While the debate on business’ social and environmental impacts (both positive and negative) is not new, when the CEO of Blackrock, one of the world’s largest investors, and the head of Oxfam International are both talking about the potential for business to help achieve inclusive and sustainable development, it feels like we’re at a tipping point.
When Blackrock’s CEO Laurence Fink used the phrase “business having social purpose” in his annual letter to investee companies, he didn’t go on to define the phrase, or explain how it went beyond traditional environmental, social and governance (ESG) criteria. But there are already many ways businesses are seeking to demonstrate ‘purpose’.
Many big international corporates, from Unilever to TATA, are embracing the Sustainable Development Goals (SDGs) and producing plans (PDF) and frameworks to show how their core business will contribute. Many small and medium enterprises are going down the route of B Corporation certification, which commits them to balancing profit and social impact.
And even community-led and micro-businesses are assessing where their businesses are in delivering ‘triple‐bottom line’ benefits (PDF). Investors are also getting in on the act, with the Global Impact Investing Network (GIIN), which promotes investments made with the intention of generating positive, measurable social and environmental impacts alongside a financial return, recently assessing the value of impact investing to be US$502 billion.
Fact or fiction?
But how do we know if all this activity will have real, positive impacts on the lives of the poorest people, make women and men more equal, support the environment and liveable cities, and help combat climate change? Or if it’s just green, blue or purpose (claiming idealistic aims) ‘wash’: little more than PR?
One option is for companies to hold their frameworks and commitments up to external scrutiny and assessment and look beyond traditional ESG metrics and to the ends of their supply chains. IIED’s new five-year strategy, Make Change Happen, recognises that addressing the major global development and environment challenges requires new and innovative alliances and ways of working. We’ve identified five major challenges that link to achieving the SDGs: unsustainable markets; increasing inequality; the climate crisis; the assault on the natural world and increasing urban risk.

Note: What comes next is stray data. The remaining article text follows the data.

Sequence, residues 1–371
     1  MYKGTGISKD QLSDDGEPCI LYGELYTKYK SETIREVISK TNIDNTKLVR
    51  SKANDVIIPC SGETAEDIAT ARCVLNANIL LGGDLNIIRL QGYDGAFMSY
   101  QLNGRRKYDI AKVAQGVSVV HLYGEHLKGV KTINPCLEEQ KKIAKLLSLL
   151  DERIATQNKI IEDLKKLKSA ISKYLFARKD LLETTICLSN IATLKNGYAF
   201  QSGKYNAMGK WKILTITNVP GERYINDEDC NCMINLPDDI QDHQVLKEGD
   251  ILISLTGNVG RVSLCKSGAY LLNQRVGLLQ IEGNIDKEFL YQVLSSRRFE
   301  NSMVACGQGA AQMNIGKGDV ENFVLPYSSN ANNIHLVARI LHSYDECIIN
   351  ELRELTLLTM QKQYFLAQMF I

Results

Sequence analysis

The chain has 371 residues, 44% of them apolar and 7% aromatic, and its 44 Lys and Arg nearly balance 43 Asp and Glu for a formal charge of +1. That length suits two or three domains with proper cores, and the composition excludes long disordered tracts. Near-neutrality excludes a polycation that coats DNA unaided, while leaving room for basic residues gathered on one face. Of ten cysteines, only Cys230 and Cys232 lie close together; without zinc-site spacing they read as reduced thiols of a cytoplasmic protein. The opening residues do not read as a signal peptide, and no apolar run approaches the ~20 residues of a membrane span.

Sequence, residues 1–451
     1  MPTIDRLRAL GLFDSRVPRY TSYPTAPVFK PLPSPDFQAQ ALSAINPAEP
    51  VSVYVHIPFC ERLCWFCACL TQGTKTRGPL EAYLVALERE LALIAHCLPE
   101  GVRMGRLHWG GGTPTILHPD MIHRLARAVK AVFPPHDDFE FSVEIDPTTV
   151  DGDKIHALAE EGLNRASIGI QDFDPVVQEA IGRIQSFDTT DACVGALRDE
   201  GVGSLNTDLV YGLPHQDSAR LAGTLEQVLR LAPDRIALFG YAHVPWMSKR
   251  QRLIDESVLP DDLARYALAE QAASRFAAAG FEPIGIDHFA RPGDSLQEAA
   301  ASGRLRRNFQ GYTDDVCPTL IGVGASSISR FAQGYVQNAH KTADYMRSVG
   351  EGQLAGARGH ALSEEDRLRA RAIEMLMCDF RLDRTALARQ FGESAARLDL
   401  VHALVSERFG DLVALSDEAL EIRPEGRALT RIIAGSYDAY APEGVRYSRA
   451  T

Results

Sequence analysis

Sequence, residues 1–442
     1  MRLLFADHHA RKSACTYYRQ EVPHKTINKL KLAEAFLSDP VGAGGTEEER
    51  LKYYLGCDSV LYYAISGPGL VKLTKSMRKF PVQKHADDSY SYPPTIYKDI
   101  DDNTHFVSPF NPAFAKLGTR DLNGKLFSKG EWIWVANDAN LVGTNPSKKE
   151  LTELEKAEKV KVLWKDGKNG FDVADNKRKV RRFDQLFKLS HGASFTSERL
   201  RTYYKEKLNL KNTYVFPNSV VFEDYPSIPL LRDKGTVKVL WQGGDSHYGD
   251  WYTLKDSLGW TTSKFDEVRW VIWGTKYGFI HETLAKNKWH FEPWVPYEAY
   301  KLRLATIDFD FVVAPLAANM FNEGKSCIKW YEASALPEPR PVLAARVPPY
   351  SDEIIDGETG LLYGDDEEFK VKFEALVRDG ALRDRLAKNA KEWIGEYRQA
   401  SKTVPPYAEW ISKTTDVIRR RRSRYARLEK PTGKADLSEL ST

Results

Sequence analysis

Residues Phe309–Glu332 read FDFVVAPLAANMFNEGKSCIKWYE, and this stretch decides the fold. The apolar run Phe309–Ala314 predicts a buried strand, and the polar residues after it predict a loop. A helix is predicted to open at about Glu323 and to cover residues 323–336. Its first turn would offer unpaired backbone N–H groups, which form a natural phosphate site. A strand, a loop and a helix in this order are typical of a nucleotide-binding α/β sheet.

Measuring what matters
As part of our new strategy we’re scaling up our work with businesses (of all sizes) and communities to identify how to incorporate social and environmental concerns into operations and investments in ways that can really lead to development impact.
Partnership is central to IIED’s DNA and we want to build more and deeper partnerships with business to learn what works (and what doesn’t), draw lessons for other businesses and investors, provide advice for local communities and help identify the policies required at local, national and international level to drive transformational change.
For example, our work on financing for off-grid energy for the poorest in Bangladesh and Nepal is trying to identify the policies and financial incentives that are most likely to get the private sector to engage.
We’re also looking to capture and share learning on how to attract private investment into environmental conservation measures such as marine protected areas, which underpin economic activity and poor people’s livelihoods such as small-scale fisheries and tourism.
Building on our evidence-based approach, we’re looking at the potential of the growing range of principles and accountability mechanisms designed to assess businesses’ contribution to the SDGs. The Climate Disclosure Project has been successful in driving companies to assess and report on their carbon footprint and apply a similar approach to water and forest use.
We’re working with the newly created World Benchmarking Alliance (WBA) as they refine their methodology and approach to developing transformative benchmarks to chart progress. The WBA is targeted at large companies with major reach but we’re also interested in how the principles behind benchmarks could be used by smaller companies and entrepreneurs who want to demonstrate their contribution to sustainable development.
We recognise that these approaches are only part of the solution to getting business changing their operations to broaden and increase their focus on their ‘purpose’, but we think it’s an important role we can play.
During the next five years, IIED will engage with business, investors and policymakers to promote transitions to practices that are fit for the future and help to make change happen. Download our new strategy to read more.
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This article was previously published on IIED website and is reproduced with permission.